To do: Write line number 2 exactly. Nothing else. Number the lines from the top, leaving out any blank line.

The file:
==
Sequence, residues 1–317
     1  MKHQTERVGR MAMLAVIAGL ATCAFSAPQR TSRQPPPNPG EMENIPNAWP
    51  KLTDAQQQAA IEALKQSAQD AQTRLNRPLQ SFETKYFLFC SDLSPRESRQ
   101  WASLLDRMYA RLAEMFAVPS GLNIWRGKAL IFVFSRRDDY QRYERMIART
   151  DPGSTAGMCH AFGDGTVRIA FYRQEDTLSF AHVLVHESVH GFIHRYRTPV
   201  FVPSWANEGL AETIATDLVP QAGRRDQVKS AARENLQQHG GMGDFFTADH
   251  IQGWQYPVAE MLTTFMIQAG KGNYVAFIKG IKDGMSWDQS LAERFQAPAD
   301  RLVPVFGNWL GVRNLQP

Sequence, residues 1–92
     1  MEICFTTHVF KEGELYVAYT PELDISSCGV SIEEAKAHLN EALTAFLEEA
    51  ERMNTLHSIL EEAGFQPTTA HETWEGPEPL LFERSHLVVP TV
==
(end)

     1  MKHQTERVGR MAMLAVIAGL ATCAFSAPQR TSRQPPPNPG EMENIPNAWP